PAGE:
6 Sep

Three-year tenancy proposal: what this could mean for you

Three-year tenancy proposal: what this could mean for you

The consultation on the government’s proposal of minimum-term tenancies came to an end last recently, with many landlords left wondering of the outcome.

The official consultation had been triggered by the government saying that 80% of tenants currently have contracts of 6 or 12 months, but many want longer tenancies, with Housing Secretary James Brokenshire claiming this to be unfair - particularly for families with schoolchildren who may be required to uproot due to the terms of their tenancy.

The proposals suggested a 3-year tenancy as standard, with a 6-month break clause, with the intention that this would stop landlords from ‘forcing’ tenants out at short notice. The minimum 3-year contract would allow them to walk away earlier if they wish, and with greater protection if they wanted to stay in a property for an extended period of time.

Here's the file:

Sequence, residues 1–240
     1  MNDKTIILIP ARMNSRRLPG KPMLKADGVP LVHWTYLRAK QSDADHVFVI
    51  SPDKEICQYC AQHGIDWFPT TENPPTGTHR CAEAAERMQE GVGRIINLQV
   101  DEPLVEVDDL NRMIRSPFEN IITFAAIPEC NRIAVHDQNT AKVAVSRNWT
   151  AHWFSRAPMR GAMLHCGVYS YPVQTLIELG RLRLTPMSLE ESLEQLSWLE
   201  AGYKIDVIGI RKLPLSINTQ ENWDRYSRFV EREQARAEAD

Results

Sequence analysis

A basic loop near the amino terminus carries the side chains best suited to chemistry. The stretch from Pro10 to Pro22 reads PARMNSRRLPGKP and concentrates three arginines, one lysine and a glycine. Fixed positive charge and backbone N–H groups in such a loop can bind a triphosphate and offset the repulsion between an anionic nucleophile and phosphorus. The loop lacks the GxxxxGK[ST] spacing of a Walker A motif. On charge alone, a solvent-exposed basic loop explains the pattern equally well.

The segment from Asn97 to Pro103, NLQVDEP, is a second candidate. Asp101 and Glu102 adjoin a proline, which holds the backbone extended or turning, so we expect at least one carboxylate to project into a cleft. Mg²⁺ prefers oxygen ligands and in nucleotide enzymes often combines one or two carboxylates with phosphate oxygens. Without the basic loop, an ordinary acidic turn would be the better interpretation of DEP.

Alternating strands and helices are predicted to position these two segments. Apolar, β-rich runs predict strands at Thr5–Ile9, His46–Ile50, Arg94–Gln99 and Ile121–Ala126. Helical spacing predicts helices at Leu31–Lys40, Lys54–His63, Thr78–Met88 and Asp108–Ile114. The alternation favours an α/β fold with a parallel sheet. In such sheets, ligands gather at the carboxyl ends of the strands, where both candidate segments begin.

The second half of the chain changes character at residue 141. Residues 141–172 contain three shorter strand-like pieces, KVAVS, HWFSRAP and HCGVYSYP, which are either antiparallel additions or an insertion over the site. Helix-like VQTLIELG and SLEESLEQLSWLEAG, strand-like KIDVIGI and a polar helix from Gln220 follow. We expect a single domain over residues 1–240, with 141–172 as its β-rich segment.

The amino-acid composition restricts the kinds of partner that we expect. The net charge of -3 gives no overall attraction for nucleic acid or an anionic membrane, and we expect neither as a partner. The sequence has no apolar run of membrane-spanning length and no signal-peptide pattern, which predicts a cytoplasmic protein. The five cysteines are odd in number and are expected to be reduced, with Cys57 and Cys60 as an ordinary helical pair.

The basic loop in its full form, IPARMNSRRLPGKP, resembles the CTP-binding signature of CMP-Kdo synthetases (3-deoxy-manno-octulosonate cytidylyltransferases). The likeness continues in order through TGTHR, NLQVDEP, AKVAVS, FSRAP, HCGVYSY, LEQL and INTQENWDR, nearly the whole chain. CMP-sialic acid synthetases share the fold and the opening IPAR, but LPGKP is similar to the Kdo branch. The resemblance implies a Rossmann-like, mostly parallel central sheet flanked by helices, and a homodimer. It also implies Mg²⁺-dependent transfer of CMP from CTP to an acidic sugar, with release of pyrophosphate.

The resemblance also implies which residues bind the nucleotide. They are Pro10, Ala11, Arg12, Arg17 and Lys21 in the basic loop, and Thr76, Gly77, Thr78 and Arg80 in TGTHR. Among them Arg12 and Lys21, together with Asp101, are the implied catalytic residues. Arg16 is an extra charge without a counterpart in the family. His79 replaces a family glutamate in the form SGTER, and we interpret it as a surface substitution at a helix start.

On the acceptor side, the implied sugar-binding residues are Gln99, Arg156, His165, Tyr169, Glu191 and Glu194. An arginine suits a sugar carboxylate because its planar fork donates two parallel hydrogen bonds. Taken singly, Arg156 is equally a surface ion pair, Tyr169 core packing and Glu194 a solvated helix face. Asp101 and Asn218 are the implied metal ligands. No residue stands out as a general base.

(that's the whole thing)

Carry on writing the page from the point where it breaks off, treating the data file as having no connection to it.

The consultation was to examine whether there should be exemptions from the three-year rule for student accommodation, where tenancies are tied to the academic year.

About 80% of tenancies in England and Wales are set at 6 months or 12 months, with the assured shorthold tenancy undoubtedly the foundation of the buy-to-let industry.

Should the proposal be enforced, this would undoubtedly change the dynamic of letting property in the UK.

David Powell, Operations Director of Berrymans said of the proposal: “whilst I hope the government give plenty more thought to this proposal, for the majority of tenancies, not much will change an awful lot given the extended length that tenants now seem to occupy properties.  For the landlord there is also comfort that the tenant is looking to commit for a longer period and potentially having to provide longer notice periods.  I feel the government have overlooked how agents/landlords view tenants, and the current proposal may have an impact on older tenants who may only have a short time to retirement”.

The English Housing Survey, published in January this year, found that 46% of 25-34-year-olds now live in private rentals, compared with 27% in 2006-07.

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